A few weeks ago, I white whined about how much I miss indoor tanning, but how I don’t go anymore because I know it is bad for me. Apparently, according to a new study by researchers at Memorial Sloan-Kettering Cancer Center, so does everyone else who goes–they’re just better at rationalizing the risks. It seems that indoor tanners are Olympic-level deniers when it comes to the known dangers of tanning beds, rivaled only by addicts.
The study used a modified version of a questionnaire initially given to find out why young people rationalize smoking, despite obviously knowing the risks. And, out of respondents from over 500 colleges across America, the researchers focused on one small subset–those who visited tanning salons with some frequency. They were mostly white, mostly female, and mostly really good at ignoring obvious health risks.
Nearly 50% of those who admitted to tanning regularly didn’t think that they tanned enough to be in any danger–which is ludicrous, because any amount of tanning is dangerous, and goes back to a previous study that showed most indoor tanners are seriously misguided about the risks and purported “benefits” of tanning.
But most of those taking the survey were well aware that they were putting themselves in danger–they just didn’t see tanning as any more dangerous than anything else they do on a daily basis. The most popular excuses were as follows:
- Everything causes cancer these days
- Indoor tanning beds are no more risky than lots of other things people do
- It is dangerous to walk across a street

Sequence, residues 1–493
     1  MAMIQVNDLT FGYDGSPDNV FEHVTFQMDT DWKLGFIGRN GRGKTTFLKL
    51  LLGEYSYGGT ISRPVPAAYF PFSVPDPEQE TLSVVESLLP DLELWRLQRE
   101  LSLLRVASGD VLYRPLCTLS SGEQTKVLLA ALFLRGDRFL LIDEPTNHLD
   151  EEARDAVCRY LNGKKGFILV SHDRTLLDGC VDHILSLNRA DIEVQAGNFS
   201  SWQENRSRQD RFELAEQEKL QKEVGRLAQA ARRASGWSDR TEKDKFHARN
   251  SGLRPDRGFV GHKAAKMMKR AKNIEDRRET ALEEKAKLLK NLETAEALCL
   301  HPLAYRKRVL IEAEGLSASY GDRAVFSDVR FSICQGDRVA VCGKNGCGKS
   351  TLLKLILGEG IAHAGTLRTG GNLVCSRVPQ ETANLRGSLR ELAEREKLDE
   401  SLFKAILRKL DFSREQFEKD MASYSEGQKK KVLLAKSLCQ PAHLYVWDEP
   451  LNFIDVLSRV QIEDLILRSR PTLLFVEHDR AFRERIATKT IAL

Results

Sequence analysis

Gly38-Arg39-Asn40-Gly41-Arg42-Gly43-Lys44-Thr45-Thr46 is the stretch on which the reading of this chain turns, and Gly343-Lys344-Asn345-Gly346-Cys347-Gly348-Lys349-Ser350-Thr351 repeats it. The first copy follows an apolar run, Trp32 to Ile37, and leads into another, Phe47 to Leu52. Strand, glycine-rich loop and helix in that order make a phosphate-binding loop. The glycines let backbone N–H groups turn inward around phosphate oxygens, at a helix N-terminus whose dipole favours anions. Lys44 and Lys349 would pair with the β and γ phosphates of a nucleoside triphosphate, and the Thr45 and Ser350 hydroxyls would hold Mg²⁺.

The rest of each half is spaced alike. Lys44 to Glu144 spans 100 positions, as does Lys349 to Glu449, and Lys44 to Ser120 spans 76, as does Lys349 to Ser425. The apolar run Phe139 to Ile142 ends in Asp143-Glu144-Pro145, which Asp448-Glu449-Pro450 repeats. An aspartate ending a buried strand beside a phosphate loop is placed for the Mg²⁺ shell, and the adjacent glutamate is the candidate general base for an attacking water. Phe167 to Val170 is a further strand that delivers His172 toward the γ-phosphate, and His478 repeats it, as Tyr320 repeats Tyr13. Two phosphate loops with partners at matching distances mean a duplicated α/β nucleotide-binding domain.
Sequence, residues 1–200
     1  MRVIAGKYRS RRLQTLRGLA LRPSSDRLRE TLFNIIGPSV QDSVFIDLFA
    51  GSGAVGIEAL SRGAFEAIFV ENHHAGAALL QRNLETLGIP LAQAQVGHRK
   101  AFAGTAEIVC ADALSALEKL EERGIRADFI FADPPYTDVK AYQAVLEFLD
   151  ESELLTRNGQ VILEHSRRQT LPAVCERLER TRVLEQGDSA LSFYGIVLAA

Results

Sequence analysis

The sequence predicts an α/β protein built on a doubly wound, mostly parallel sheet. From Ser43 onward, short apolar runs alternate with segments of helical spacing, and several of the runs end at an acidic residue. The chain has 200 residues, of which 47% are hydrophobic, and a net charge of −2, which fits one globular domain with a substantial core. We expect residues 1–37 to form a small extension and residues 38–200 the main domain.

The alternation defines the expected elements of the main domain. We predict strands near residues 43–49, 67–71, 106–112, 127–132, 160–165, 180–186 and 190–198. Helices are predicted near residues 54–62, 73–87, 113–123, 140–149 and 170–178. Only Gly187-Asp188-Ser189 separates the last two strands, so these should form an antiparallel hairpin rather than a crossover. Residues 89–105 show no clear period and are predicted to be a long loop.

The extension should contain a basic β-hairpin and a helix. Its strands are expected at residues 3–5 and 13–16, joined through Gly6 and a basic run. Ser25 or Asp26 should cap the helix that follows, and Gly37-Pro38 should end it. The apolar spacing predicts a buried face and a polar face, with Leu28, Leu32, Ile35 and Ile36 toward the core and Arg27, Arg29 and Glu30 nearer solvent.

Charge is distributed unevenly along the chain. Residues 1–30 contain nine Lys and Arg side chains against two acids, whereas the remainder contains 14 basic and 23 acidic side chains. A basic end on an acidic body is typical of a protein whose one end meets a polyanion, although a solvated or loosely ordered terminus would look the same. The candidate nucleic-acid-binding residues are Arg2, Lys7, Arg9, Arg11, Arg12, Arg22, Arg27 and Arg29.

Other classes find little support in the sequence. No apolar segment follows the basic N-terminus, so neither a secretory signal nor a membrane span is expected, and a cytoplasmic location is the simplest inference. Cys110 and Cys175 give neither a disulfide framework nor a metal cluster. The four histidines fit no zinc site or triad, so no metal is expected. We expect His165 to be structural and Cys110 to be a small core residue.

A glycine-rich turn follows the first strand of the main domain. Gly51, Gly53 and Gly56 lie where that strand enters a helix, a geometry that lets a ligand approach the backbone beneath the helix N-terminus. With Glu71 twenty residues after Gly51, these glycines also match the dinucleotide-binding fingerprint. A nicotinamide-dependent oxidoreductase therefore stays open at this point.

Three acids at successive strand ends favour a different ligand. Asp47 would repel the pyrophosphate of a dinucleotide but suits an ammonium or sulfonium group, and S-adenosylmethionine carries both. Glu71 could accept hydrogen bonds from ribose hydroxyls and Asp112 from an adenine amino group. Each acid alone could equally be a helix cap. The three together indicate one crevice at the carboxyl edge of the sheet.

Oh, it’s dangerous to cross the street. Well in that case, tan on, young people!
Of course, these excuses clearly don’t make tanning any less dangerous–they’re just playing the human brain’s inclination to see everything as a zero-sum game. That is, it’s a lot easier/less scary to think that if you do one dangerous thing–or even a few dangerous things–the ones you like best (tanning, smoking, having unprotected sex, etc.) are less likely to be the one that kills you because only one thing can kill you. Which is sort of a warped version of the “gambler’s fallacy” that gets so many people to give up their life savings at a the craps table.
It’s also a behavior commonly seem among addicts. Those who drink to the point of excess will often rationalize their behavior with very similar excuses–everybody drinks, drinking is legal so it can’t be that bad, there are people who do way worse things for their health all the time. The same is true of those addicted to painkillers, cigarettes, illicit drugs (someone sold it to them, so it can’t be THAT bad!) and even junk food.
Which is why deterrents–like taxes on tanning salons, or even increased messaging about the risks–have proven ineffectual, despite clear evidence that tanning can lead to melanoma and other forms of skin cancer. For many women, it takes essentially hitting bottom (which is usually when the actual fear of skin cancer sets it, either because they themselves experience a scare, or because they know someone who does or is actually diagnosed) to get them out of the beds and into some self-tanner or another, safer choice.